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The effects of fruit juices and fruits on the absorption of iron from a rice meal.

Abstract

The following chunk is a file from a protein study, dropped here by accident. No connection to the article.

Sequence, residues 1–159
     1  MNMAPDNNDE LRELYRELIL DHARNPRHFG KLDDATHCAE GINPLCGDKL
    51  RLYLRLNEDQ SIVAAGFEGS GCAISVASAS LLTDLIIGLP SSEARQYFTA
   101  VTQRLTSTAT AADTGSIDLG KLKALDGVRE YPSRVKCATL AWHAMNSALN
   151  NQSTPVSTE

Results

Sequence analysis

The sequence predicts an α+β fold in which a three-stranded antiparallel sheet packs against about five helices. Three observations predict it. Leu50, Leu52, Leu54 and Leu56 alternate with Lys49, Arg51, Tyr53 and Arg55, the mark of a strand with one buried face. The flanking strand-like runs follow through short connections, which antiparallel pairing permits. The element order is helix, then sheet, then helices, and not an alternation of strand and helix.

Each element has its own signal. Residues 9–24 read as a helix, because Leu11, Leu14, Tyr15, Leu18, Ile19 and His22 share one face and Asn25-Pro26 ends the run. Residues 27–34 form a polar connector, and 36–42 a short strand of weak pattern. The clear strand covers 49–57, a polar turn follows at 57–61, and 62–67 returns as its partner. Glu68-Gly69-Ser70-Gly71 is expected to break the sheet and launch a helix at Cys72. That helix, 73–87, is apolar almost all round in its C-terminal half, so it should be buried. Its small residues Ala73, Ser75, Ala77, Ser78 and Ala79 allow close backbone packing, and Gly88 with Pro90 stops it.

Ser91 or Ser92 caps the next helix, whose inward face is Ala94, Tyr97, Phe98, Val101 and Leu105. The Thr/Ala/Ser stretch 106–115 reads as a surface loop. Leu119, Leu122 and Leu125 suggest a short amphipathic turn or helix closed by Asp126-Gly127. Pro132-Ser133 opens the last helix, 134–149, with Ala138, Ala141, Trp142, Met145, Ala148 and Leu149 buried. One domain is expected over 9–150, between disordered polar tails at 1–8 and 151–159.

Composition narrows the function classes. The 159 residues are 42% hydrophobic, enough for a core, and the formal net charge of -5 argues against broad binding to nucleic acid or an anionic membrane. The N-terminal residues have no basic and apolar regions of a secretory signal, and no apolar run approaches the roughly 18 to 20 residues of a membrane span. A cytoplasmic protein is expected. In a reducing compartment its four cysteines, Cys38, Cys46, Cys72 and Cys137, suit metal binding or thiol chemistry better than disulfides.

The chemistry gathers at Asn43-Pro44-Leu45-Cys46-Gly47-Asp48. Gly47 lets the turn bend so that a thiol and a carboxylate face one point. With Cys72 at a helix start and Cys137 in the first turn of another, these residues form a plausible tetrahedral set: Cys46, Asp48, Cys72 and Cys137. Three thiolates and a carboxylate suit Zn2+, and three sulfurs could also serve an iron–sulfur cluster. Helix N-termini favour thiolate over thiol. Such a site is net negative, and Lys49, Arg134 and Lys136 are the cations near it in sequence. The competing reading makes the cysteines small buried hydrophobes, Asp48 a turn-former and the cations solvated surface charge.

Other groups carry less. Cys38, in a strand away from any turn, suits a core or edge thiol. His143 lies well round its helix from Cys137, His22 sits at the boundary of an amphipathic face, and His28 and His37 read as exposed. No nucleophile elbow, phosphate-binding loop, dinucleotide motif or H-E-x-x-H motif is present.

The effects of the chemical composition of fruit juices and fruit on the absorption of iron from a rice (Oryza sativa) meal were measured in 234 parous Indian women, using the erythrocyte utilization of radioactive Fe method. The corrected geometric mean Fe absorptions with different juices varied between 0.040 and 0.129, with the variation correlating closely with the ascorbic acid contents of the juices (rs 0.838, P less than 0.01). Ascorbic acid was not the only organic acid responsible for the promoting effects of citrus fruit juices on Fe absorption. Fe absorption from laboratory 'orange juice' (100 ml water, 33 mg ascorbic acid and 750 mg citric acid) was significantly better than that from 100 ml water and 33 mg ascorbic acid alone (0.097 and 0.059 respectively), while Fe absorption from 100 ml orange juice (28 mg ascorbic acid) was better than that from 100 ml water containing the same amount of ascorbic acid (0.139 and 0.098 respectively). Finally, Fe absorption from laboratory 'lemon juice' (100 ml orange juice and 4 g citric acid) was significantly better than that from 100 ml orange juice (0.226 and 0.166 respectively). The corrected geometric mean Fe absorption from the rice meal was 0.025. Several fruits had little or no effect on Fe absorption from the meal (0.013-0.024). These included grape (Vitis vinifera), peach (Prunus persica), apple (Malus sylvestris) and avocado pear (Persea americana). Fruit with a mild to moderate enhancing effect on Fe absorption (0.031-0.088) included strawberry (Fragaria sp.) (uncorrected values), plum (Prunus domestica), rhubarb (Rheum rhaponticum), banana (Musa cavendishii), mango (Mangifera indica), pear (Pyrus communis), cantaloup (Cucumis melo) and pineapple (Ananas comosus) (uncorrected values). Guava (Psidium guajava) and pawpaw (Carica papaya) markedly increased Fe absorption (0.126-0.293). There was a close correlation between Fe absorption and the ascorbic acid content of the fruits tested (rs 0.738, P less than 0.0001). There was also a weaker but significant correlation with the citric acid content (rs 0.55, P less than 0.03). Although this may have reflected a direct effect of citric acid on Fe absorption, it should be noted that fruits containing citric acid also contained ascorbic acid (rs 0.70, P less than 0.002).(